The characters are fine, because they are real and none feel expendable at all. Affleck’s character has a son and a wife; and some of the Americans stuck at the Canadian Ambassador’s house are married. Each actor and actress wonderfully capture emotions of stress, anxiety and intense worry.

One of the most captivating things about Argo is the boiling suspense of the situation, and the viewer can just feel it build throughout. It also really is quite nerve-racking.The pacing is great, and it doesn’t feel slow in a lot of places. There are a lot of memorable scenes, and then others just build up the plot. There aren’t any bad scenes, though, so that’s great. Argo sort of plays out like an assassin giving you his first choke-hold, he’s inexperienced and you may feel the grip loosening from time to time, but then it strengthens again and doesn’t let go until the very end.

Something that annoyed me is the odd time when there wasn’t any subtitles when the Iranians spoke their language (Farsi, maybe?). Still, you can tell the emotions that they are feeling, so I guess it doesn’t matter very much, now that I think it over more.

The use of old footage really interested me some. It worked into the film well and didn’t feel out of place at all.

The film does live up to its hype, and to its trailer. The use of Aerosmith’s song Dream On, was extremely effective and amped it up about ten times as much. I wish they didn’t use some of the film’s best lines in the trailer. Yet again, studios do that a lot. They still were great when I heard them during the film though.

Ben Affleck, Bryan Cranston, John Goodman, Alan Arkin, Victor Garber, Tate Donovan, Clea DuVall, Scoot McNairy, Rory Cochrane, Christopher Denham, Kerry Bishé, Kyle Chandler, Chris Messina, Zeljko Ivanek and Titus Welliver make up this great cast.

Argo offers an incredible true story, a lot of fine action, and a lot of great suspenseful scenes. It’s one of the most riveting films of 2012, and definitely the most intense. The direction, acting, story, the amount of memorable scenes are all great. It’s such an impressive piece of cinema, and will be a real contender at the Oscars this year.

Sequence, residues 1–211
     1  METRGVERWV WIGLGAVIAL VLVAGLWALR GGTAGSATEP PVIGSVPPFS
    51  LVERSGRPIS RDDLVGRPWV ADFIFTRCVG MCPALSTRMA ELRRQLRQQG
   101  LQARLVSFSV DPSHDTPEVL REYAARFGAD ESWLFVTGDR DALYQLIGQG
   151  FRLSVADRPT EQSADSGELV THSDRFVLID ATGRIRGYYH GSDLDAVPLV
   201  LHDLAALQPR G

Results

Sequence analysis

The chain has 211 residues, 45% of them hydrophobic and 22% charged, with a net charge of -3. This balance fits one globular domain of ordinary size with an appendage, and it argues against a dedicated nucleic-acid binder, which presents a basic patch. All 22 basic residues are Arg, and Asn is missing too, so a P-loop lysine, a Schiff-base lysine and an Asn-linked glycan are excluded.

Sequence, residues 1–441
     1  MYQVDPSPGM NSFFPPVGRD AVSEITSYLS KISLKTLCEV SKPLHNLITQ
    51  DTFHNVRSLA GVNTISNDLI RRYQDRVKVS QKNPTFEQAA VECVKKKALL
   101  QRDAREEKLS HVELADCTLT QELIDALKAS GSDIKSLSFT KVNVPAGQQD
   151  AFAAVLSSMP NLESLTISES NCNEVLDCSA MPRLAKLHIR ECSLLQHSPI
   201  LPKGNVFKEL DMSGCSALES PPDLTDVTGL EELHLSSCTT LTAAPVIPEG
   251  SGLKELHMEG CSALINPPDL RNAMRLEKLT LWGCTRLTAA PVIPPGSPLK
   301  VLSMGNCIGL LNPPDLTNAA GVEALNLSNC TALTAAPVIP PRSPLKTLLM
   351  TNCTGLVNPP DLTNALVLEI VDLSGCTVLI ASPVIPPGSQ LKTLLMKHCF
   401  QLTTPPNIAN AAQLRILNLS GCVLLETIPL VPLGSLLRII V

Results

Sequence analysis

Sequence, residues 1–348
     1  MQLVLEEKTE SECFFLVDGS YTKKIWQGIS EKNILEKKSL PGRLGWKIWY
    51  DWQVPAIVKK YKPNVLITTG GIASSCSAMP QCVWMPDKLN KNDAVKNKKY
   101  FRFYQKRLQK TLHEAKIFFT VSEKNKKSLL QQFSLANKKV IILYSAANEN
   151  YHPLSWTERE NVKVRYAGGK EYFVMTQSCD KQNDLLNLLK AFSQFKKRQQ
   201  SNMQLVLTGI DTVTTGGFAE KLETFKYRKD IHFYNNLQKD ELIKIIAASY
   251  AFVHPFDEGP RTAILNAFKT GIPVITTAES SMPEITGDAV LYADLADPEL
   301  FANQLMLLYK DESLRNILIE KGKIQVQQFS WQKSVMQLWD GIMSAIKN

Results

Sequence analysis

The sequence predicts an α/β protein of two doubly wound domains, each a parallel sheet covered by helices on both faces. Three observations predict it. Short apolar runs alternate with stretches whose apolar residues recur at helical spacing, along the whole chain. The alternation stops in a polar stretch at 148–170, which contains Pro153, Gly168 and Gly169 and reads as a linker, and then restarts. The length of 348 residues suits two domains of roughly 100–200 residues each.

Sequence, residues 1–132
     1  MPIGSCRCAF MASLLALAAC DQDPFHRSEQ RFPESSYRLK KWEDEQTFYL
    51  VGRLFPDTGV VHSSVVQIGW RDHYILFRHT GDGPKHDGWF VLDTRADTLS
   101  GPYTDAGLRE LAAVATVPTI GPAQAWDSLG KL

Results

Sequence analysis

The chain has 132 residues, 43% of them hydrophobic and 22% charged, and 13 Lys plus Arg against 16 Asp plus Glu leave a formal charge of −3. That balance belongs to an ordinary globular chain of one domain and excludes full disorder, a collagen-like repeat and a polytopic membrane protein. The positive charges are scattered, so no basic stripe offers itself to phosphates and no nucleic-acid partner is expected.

90/100

World Trade Center – A film review by Daniel Prinn – In memory of 9/11 and those who died that day.

World Trade Center

Release Date: August 9, 2006

Director: Oliver Stone

Stars: Nicolas Cage, Michael Peña, Maria Bello

Runtime: 129 min

Tagline: A True Story of Courage and Survival

 World Trade Center follows the terrorist attacks on the World Trade Center on September 9, 2001; and the two men (John McLoughlin [Nicolas Cage] and Will Jimeno [Michael Peña]) from the Port Authority Police Department who got trapped under rubble while trying to rescue any survivors. Whilst being trapped, their families (John’s wife is played by Maria Bello; and Will’s by Maggie Gyllenhaal) are in separate towns and the effects these events have on them are shown.

It isn’t a film that I loved because of its slow-pacing, but it is a great triumphant true story filled with powerful emotional content. The performances are also very good, they all play their parts well. Though, there is just a bit too much going on here. There are the multiple subplots with it going from McLoughlin and Jimeno stuck underneath the rubble; to the emotional wrecks that are the McLoughlin and the Jimeno families.

The film is full of hope and seems like a solid examination of what happened on that day. I do prefer this over United 93, as this is all very interesting and has some great scenes; but is a bit forgettable for an Oliver Stone picture and has its fair share of boring sequences.

For a film that depicts that event, it’s great, and for a biography it’s also pretty great. It’s a film that knows its purpose, to raise awareness of a story of hope depicting two police officers’ will to survive.

It’s a pretty interesting experience, but not thoroughly entertaining. Check it out if you like history flicks and great stories of survival.

70/100